I recently had a situation at work where I sent out a personalized fax for 8000 people.
Fax, I can hear you snort disdainfully. Faxes are so … 1970s.
True. I personally hate faxes – both sending and receiving. They’re bulky, they require painful preparatory stages to either composing or replying, and they’re notoriously undependable, relying as they do upon such antiquated requirements as an adequate supply of paper in your recipient’s machine!
However, faxing was one of the first technologies to thoroughly exploit the network effect, and the great advantage of a fax is that when you send one (and it gets through successfully) there is an actual physical piece of matter in someone else’s personal or workspace that cannot be ignored quite as simply as an email.
Plus, if you don’t have email addys for the 8000 people, you’re kind of stuck with what you’ve got.
In any case, I composed the fax, and then circulated it around for some review. Even I’m not quite brash (read: stupid) enough to send something to thousands of people before asking for a few other eyes and perspectives on my work.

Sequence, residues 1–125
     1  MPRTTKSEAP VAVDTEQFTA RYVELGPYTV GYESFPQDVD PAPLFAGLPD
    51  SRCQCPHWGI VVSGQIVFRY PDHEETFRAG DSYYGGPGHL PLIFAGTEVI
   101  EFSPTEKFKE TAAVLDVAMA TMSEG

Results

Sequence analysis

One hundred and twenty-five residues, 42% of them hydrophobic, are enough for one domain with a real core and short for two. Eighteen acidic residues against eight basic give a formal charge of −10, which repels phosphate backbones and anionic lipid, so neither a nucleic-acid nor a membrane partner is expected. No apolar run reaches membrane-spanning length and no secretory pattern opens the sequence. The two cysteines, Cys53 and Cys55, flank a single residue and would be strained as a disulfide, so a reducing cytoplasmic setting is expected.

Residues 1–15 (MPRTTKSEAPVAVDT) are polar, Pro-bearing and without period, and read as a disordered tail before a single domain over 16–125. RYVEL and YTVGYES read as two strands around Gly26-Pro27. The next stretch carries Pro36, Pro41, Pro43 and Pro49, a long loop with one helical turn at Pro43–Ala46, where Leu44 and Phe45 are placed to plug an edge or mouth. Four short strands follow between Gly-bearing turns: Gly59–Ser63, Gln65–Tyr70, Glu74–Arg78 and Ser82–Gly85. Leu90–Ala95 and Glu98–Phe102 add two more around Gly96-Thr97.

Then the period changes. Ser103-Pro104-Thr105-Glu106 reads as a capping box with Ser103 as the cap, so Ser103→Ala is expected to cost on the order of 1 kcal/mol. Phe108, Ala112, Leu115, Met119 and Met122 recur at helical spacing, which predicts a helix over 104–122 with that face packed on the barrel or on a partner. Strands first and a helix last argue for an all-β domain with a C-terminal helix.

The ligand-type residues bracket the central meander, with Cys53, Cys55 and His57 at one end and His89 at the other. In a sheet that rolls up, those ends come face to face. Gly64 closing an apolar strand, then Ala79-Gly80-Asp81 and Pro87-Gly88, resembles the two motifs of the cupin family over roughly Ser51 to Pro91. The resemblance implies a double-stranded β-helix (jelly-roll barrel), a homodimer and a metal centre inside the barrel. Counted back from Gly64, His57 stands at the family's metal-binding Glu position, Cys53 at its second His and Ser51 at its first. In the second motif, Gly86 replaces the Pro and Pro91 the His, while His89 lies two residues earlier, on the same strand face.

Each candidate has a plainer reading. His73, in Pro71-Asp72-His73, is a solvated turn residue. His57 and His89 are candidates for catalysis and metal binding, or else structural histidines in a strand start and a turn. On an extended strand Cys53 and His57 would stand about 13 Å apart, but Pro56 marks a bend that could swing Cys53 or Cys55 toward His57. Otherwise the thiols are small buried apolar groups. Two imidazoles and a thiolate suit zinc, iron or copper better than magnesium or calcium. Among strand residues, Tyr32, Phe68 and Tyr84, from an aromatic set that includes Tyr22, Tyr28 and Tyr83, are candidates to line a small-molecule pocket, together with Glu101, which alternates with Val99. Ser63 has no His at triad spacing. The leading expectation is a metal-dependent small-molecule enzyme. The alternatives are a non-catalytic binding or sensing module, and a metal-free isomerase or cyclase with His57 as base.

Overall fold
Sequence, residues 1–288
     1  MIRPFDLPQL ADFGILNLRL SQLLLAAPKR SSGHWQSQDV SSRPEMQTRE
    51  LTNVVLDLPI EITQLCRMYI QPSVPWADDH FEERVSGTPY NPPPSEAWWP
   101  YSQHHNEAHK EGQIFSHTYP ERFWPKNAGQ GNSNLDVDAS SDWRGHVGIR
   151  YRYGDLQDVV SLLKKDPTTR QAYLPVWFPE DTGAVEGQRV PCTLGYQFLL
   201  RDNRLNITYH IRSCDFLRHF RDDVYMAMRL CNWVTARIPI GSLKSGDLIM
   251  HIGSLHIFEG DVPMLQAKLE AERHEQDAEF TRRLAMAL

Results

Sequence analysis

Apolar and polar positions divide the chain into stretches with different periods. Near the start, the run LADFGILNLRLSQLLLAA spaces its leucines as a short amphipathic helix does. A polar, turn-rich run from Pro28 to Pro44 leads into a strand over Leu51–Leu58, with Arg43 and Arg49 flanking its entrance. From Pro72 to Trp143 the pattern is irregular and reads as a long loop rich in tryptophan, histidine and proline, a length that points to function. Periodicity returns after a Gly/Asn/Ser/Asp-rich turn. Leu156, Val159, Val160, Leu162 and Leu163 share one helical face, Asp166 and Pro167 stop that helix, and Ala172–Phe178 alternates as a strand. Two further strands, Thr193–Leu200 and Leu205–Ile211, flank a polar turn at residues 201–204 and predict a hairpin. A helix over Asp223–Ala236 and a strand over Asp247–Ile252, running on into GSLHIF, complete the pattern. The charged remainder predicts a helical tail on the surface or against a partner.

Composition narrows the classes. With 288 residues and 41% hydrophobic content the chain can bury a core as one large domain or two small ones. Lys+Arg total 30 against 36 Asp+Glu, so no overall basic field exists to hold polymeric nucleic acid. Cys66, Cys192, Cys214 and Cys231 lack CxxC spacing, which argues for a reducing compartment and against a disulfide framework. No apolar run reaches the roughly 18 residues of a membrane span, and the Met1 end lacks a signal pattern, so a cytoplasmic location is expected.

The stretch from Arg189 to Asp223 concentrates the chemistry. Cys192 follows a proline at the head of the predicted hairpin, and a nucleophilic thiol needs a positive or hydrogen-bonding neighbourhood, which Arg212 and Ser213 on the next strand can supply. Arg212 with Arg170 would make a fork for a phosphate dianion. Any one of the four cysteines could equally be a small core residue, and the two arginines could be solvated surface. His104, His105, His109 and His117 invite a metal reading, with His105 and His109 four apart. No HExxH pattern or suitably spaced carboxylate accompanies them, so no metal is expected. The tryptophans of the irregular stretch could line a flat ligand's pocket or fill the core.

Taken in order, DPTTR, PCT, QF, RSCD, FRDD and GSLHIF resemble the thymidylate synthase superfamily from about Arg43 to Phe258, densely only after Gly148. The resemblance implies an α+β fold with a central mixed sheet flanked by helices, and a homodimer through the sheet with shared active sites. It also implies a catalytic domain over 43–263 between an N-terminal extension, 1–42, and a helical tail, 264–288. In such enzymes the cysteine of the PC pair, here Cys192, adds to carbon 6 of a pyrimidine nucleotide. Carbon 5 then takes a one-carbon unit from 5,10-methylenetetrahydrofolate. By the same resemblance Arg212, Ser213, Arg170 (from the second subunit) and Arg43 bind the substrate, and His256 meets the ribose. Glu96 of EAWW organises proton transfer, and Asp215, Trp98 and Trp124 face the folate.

One of the respondants did something interesting: she changed all my “you’lls” and “it’lls” into “you wills” and “it wills.” Plus, there were other changes to generally make the fax more correct, professional, and formal.
I hated every single change from the bottom of my passionately informal heart.
People want authenticity. They want others to be real. They want communication to be real. They want to see, read, and hear messages that are natural.
Their bullshit filters snap into place at the slightest hint of corporatese. And so do mine.
Masks are boring. Your idea of what sounds “professional” is boring. Your CYA language is boring. Speaking to your boss while writing to me is boring.
Worse, at some level, people perceive it as deceptive. And it is.
Be real. Be authentic. Be genuine. Be heard!
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